Challenges to Achieving Digital Equity for Incarcerated Individuals

Benton Institute for Broadband & Society

Thursday, September 14, 2023

Digital Beat

Challenges to Achieving Digital Equity for Incarcerated Individuals

The Infrastructure Investment and Jobs Act’s Digital Equity Act recognizes eight “covered populations” as disproportionately experiencing digital inequity. These groups are to be a focus of efforts supported through grants and planning processes:

  1. Individuals living in households with incomes at or below 150 percent of the poverty line.
  2. Individuals 60 years of age or older.
  3. Veterans.
  4. Individuals with disabilities.
  5. Individuals with barriers to the English language (including English language learners and those with low literacy).
  6. Members of racial and ethnic minority groups.
  7. Individuals residing in rural areas.
  8. Individuals incarcerated in non-federal correctional facilities.

These groups experience difficulties accessing the internet for varied yet overlapping reasons. In this and upcoming articles, we look at data that explains why these populations are being targeted for digital equity efforts.

Incarcerated Individuals

Through a series of acquisitions and mergers over three decades, prison technology companies like JPay and Global Tel Link (GTL) have dominated the prison telecommunications space, effectively becoming virtual monopolies. Anticompetitive practices have allowed corporations to gouge families with high prices and ancillary fees for prison phone calls, a practice that reportedly left one in three inmate families in debt.

Surrounded by a “digital moat,” incarcerated people are disadvantaged by a lack of access to training opportunities in digital skills otherwise available to the general public. The result is a returning prison population ill prepared for the challenges of reentering free society.

Although internet access is expanding in some corrections facilities, it is often still limited or prohibited by law. And even when internet access is available, the costs of internet use can be prohibitive.

Researchers Paolo Arguelles and Isabelle Ortiz-Luis find that inmates have little opportunity to engage with technology while behind bars. Correctional facilities partner with JPay and GTL to provide inmates with corrections-grade tablets preloaded with a selection of games and music, educational content, mental health and legal resources, and secure messaging services. In most cases, tablets come with a restrictive operating system configured so that inmates are only able to access the facility’s secure local area network (LAN). Inmates are unable to access the open internet.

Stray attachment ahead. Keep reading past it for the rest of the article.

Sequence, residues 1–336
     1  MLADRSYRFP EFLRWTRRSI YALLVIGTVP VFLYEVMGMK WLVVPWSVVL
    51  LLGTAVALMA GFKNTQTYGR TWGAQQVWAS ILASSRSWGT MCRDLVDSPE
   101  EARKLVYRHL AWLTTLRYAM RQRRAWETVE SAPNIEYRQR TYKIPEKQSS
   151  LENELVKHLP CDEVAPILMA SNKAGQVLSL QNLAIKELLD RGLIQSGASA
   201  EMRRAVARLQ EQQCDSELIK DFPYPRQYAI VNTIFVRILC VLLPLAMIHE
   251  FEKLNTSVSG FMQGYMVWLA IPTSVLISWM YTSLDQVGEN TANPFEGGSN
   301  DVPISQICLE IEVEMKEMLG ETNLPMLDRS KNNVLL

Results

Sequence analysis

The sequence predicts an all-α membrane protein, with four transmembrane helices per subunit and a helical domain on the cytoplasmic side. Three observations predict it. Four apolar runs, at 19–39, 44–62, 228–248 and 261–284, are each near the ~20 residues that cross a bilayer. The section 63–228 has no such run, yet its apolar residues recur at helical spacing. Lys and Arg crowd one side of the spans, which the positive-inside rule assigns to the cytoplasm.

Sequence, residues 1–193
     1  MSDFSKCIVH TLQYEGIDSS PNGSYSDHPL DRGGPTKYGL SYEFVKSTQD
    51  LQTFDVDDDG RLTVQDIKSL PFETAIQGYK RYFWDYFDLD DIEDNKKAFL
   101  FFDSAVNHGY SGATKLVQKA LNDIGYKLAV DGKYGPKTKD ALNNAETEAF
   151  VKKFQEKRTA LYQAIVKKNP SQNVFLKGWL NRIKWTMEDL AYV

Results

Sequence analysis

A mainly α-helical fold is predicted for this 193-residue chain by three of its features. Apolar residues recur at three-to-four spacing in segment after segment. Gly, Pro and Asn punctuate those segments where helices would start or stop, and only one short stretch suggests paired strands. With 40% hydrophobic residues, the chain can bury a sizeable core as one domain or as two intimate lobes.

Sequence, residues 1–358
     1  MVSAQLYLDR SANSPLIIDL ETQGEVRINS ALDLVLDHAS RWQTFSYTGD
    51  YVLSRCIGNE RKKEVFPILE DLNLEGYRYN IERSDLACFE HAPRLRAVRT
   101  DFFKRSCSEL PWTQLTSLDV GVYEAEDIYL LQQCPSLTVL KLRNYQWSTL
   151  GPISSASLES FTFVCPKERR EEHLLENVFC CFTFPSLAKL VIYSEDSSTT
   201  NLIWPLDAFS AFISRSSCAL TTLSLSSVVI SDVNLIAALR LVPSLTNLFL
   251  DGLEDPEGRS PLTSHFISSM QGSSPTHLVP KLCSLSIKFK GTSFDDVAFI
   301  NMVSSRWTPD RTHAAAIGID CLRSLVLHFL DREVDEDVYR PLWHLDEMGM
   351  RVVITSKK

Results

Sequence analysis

Arguelles and Ortiz-Luis also found that the exploitative tactics of prison technology companies have spread to tablet programs. Although correctional facilities often receive tablets from companies free of charge to prisons and American taxpayers, the companies negotiate exclusive contracting deals with facilities, charging exorbitant prices for inmates to use the devices and pricing ebooks, games, videos, music, and messaging services well above their normal fair-market price. Every email requires paid “postage,” as does every attached image and additional page, with the price of a digital stamp raised around special days like Christmas and Mother’s Day. If families wish to spend time with an incarcerated loved one over video chat, JPay charges $10 for thirty minutes and $1 for one thirty-second “videogram.” By charging inmates and their families excessive fees to stay connected, companies exacerbate the issues their tablet program claims to help solve, disproportionately affecting lower-income families who may not be able to afford the costs of keeping in touch with loved ones.

On January 5, 2023, President Joe Biden signed the Martha Wright-Reed Just and Reasonable Communications Act to help ensure just and reasonable charges for telephone and advanced communications services in correctional and detention facilities across the country. Congress’s goal in passing the Martha Wright-Reed Act was to help reduce financial burdens that prevent incarcerated people from being able to communicate with loved ones and friends. The Federal Communications Commission is currently considering rules to implement the new law.

Importantly, the Federal Communications Commission hasn’t been the only venue in the fight for prison phone justice. Martha Wright decided to sue the Corrections Corporation of America and challenge the monopoly system that enabled telecommunications companies in the private prison system to charge high rates for inmate call services. In Martha Wright v. Corrections Corporation of America, the plaintiffs, represented by the Center for Constitutional Rights, alleged that these exclusive deals and high rates violate the constitutional rights of the incarcerated.

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The Benton Institute for Broadband & Society is a non-profit organization dedicated to ensuring that all people in the U.S. have access to competitive, High-Performance Broadband regardless of where they live or who they are. We believe communication policy - rooted in the values of access, equity, and diversity - has the power to deliver new opportunities and strengthen communities.

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Kevin Taglang

Kevin Taglang
Executive Editor, Communications-related Headlines
Benton Institute
for Broadband & Society
1041 Ridge Rd, Unit 214
Wilmette, IL 60091
headlines AT benton DOT org

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